Notes from the Field: Searching for High Spring in the Huachuca Mountains

Volunteers lie at the heart of our Spring Seeker program. In 2020, 63 people helped us check over 220 springs in the U.S. and Mexico—a feat that would be impossible for staff alone. 

Retired wildlands firefighter Brit Rosso is one of our steadfast Spring Seeker volunteers. Not only is he dedicated to hiking rough terrains in order to document the status of springs in the region, he’s also a great writer and frequently regales SIA staff with tales of his spring-seeking adventures. 

Today, we’re excited to share notes from Brit’s December trip to High Spring in the Huachuca Mountains.

We hope you enjoy this retelling of his day as much as we did!

Brit’s Notes from the Field:

I drove up the Forest Service access road past the Unknown Tank. The road quickly turned into a rugged 4WD two-track, and eventually I stopped my truck. Between big rocks in the road and the tight squeeze past a few oak trees, I decided to find a place to park it before I did some damage to my truck and hike from there. This road is better suited for my Jeep! 

I hiked up to and past the Wakefield Mine Tunnel Spring. I pulled out the app Gaia and hiked straight up the ridge to the north. Once I determined that I was at about the same elevation as this spring site, I tried to cut over into the west drainage and look for it. Boy, that was a tough route for sure!

The terrain was pretty rough, and the heavy vegetation made it almost impossible to navigate. Here’s a photo of what it looked like:

Photo Credit: Brit Rosso


I spent quite a bit of time and energy looking for the Maybe High Spring site with no luck. I’m not sure if it was the drought or if the coordinates were a little bit off. I was bummed, but I had hit my turn-around time to get back up on the ridge to search for the real High Spring. 

I’m not saying Maybe High Spring is gone, but due to these short winter days, I only had so much daylight to work with. So up I go, looking for game trails, and getting down on my hands and knees crawling under the chaparral, back up the ridgeline. Once I made it up top, I slammed some food and water which recharged my batteries.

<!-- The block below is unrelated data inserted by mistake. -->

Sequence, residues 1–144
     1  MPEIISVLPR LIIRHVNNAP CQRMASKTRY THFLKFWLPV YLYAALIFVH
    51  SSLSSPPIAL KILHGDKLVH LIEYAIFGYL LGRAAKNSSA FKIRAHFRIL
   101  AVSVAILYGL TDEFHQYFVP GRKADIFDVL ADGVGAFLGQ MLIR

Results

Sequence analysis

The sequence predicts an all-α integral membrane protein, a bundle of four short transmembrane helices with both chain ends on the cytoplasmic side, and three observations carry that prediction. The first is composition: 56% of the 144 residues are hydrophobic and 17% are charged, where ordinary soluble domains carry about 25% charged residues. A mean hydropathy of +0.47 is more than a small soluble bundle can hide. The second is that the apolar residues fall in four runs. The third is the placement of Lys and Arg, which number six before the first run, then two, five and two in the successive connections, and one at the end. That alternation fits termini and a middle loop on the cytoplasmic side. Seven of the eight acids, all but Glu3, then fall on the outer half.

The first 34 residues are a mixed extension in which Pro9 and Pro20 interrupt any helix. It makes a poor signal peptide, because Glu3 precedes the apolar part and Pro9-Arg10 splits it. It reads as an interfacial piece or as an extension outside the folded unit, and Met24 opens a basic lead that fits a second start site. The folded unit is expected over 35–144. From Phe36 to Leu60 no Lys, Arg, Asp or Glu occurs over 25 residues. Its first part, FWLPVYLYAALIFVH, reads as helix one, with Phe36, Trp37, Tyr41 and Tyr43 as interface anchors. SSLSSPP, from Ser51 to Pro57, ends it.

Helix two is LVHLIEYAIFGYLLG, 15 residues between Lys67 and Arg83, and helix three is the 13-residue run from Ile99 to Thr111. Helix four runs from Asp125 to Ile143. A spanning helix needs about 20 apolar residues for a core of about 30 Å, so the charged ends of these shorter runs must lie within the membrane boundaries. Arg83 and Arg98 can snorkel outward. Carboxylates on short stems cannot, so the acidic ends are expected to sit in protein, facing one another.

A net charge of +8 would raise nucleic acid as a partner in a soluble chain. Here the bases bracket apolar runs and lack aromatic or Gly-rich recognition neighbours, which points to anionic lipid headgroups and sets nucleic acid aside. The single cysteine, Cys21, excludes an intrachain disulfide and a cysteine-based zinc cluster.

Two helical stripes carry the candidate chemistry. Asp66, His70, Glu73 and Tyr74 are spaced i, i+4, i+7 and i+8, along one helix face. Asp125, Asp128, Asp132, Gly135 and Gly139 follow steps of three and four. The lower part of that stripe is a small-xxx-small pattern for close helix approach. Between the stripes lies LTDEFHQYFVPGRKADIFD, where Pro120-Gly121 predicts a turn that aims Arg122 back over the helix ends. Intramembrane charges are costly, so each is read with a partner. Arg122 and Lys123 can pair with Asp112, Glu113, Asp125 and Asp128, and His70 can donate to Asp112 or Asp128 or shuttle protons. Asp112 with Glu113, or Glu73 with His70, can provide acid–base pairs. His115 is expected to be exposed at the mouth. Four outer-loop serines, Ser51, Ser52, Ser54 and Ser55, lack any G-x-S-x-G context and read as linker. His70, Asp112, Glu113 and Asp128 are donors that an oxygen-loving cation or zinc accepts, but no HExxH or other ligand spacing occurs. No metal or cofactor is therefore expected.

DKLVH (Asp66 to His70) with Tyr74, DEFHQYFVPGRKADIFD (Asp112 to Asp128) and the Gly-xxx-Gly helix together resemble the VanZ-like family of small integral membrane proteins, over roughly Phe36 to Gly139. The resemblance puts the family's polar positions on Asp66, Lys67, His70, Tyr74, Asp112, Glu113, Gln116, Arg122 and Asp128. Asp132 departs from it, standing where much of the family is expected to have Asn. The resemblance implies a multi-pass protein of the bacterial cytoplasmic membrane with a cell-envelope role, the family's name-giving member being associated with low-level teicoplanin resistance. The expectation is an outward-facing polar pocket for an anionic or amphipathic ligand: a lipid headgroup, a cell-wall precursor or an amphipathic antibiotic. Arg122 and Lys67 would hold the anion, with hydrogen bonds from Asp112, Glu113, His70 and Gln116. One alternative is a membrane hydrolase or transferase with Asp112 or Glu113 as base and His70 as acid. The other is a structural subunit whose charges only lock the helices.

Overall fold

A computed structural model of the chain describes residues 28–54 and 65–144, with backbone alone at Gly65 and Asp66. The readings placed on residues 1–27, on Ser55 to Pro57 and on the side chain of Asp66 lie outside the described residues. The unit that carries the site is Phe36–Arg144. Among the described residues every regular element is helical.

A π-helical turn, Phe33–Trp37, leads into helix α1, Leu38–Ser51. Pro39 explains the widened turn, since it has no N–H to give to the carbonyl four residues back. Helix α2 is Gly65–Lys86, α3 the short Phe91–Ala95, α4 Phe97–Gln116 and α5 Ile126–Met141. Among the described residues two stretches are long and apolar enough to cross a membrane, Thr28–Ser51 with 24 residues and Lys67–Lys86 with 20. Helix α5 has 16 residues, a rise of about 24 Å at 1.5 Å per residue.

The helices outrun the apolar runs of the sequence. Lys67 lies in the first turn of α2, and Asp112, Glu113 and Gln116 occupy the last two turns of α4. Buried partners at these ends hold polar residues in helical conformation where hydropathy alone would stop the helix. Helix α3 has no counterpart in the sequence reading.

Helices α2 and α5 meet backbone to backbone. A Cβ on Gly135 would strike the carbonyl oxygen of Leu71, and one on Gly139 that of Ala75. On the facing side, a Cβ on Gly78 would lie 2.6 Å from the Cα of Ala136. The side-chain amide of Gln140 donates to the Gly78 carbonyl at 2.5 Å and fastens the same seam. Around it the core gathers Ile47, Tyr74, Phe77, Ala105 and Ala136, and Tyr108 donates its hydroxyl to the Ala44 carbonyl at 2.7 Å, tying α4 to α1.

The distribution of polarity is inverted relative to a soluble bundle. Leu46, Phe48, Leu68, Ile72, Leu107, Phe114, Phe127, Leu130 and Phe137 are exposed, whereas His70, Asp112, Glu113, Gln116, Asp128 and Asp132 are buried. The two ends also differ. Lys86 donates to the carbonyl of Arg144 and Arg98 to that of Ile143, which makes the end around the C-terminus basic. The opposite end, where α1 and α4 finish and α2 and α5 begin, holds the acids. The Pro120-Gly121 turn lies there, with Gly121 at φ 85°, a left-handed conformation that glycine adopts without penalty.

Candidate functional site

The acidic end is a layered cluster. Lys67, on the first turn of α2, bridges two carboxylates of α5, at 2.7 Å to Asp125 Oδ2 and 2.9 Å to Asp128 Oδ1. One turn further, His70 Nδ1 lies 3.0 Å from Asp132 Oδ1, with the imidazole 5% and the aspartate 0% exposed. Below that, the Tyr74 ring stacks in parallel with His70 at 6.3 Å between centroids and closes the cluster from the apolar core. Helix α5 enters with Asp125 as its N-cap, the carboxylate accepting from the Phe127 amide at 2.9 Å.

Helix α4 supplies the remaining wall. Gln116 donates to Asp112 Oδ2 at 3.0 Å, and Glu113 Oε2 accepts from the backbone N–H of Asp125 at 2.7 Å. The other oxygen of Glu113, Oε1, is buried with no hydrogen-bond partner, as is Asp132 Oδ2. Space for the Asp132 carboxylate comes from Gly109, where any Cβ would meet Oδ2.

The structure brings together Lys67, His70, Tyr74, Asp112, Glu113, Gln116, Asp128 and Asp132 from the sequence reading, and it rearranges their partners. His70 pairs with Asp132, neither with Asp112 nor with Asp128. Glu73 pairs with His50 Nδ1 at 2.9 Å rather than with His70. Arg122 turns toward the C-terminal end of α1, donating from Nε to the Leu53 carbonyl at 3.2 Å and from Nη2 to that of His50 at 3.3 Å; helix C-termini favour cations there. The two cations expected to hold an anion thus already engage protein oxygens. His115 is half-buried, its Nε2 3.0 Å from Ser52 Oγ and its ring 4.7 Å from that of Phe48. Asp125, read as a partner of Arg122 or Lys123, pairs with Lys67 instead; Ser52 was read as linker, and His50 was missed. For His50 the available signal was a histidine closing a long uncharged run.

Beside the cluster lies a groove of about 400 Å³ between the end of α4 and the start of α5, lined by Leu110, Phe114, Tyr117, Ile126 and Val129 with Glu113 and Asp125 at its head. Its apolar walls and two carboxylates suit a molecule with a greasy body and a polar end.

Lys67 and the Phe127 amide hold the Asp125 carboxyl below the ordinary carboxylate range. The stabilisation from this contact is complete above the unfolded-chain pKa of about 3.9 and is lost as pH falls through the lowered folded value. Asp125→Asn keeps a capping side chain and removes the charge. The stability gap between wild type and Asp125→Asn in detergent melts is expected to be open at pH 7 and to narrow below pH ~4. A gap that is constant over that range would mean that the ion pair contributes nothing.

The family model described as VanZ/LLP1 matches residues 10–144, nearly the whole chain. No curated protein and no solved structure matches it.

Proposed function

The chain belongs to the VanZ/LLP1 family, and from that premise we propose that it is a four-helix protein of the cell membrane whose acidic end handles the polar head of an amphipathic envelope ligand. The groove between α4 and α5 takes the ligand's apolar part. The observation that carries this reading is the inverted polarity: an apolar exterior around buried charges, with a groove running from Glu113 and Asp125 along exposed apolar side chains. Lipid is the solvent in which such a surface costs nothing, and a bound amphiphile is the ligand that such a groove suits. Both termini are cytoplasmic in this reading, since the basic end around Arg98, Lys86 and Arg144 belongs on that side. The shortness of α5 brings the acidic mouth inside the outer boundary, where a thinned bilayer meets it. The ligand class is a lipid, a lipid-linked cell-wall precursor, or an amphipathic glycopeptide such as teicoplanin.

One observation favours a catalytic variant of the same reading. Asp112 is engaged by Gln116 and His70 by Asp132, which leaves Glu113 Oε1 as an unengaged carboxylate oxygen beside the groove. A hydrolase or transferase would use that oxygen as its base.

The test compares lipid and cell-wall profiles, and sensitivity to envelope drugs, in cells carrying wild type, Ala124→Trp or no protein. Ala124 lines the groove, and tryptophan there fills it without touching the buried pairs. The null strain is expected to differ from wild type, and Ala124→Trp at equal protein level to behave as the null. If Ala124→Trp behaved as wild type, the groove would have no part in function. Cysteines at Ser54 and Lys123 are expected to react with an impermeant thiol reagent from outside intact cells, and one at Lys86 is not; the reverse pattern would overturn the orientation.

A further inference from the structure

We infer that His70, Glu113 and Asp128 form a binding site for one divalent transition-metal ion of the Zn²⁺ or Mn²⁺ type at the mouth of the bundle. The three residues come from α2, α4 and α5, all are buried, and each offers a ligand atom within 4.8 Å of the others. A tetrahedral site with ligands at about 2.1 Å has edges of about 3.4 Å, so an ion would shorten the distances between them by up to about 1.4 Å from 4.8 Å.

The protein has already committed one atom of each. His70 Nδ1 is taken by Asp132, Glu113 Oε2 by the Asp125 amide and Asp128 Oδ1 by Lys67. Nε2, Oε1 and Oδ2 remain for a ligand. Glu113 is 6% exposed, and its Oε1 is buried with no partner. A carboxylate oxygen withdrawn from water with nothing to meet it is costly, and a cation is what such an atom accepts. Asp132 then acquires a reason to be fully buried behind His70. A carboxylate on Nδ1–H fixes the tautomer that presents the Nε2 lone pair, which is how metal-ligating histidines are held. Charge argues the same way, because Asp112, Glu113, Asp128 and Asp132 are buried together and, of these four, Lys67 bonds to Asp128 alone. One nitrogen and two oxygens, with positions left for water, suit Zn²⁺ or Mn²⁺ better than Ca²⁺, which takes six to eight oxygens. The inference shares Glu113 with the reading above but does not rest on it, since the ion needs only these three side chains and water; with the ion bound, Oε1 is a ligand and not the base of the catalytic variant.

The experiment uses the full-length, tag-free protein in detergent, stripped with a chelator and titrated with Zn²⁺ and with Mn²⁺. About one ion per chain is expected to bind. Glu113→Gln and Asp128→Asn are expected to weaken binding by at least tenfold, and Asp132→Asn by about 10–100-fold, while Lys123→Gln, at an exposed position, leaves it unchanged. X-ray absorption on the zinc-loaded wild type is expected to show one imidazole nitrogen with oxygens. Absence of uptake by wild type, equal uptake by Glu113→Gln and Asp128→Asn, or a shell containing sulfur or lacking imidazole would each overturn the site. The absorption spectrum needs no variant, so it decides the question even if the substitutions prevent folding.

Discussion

The view from the ridgeline was beautiful! Here is a shot looking way south into Mexico. Lone Mountain is on the right side of this photo. 

Photo Credit: Brit Rosso


OK, now it’s time to go find Higher High Spring, the REAL High Spring. I pulled out my trusty Gaia app and laid out a bearing to drop into the east drainage. It was slow going for sure but a bit easier than the west drainage.

Once I hit the bottom of the drainage, I walked down canyon just a bit, and this is where I ended up:

Photo Credit: Brit Rosso


carefully slid down this dry waterfall slick rock to the bottom. I stood there in amazement, looking up at this completely dry spring site. In my mind’s eye, all I could see was the photos Bryotook of this site back in 2017. See below for his August 2017 photo and then the one I took in the same general area. 2017 was super wet, and 2020 was totally dry.

A photo of the spring taken by SIA staff member Bryon in 2017.


The same spring site taken by Brit Rosso in 2020.


High Spring site was totally dry. I could not even find any moist dirt. It was sad to see, but this reflects what has turned out to be the driest year in Tucson since we started to record weather statistics back in 1895. I filled out the Spring Seeker survey and moved down drainage to look for Also A Spring. 

On the way down to Also A Spring, I think I may have stumbled upon Bryon’s cave, where he and his SIA partner waited out the monsoon storm back in 2017.

Photo Credit: Brit Rosso


I located Also A Spring, but since it was late in the day, I collected the data and forgot to take photos with my camera. The photos are in the Spring Seeker survey. This spring was dry, but I did find a tiny pool of water that the fauna had been digging out to access what moisture was left. Per SIA’s request, I renamed this spring “Juniper Spring” in Spring Seeker. 

I was now running out of daylight and still wanted to survey two more sites. I hiked down to my truck and drove back down to the Unknown Tank site. I surveyed this site and changed the name in my survey to “Wakefield Mine Tank.” I was able to determine that this Unknown Tank is being fed by a poly pipe hooked up to the Wakefield Mine Tunnel Spring water source. 

I had one more site that I wanted to survey on my way out. It was pretty easy to access, so I parked my truck and hiked over to the Lower Lone Mountain site. I was able to locate it and collect my survey data.

I hiked back to my truck and took these photos:

Photo Credit: Brit Rosso


Photo Credit: Brit Rosso


And just as I packed up to head back home, I took this photo of the same peaks. 

It was an exhausting yet amazing day in the Huachucas.

Photo Credit: Brit Rosso


Want to join Spring Seeker?

JANUARY 1 – MARCH 31: Join a group in the field for a physically-distanced spring survey!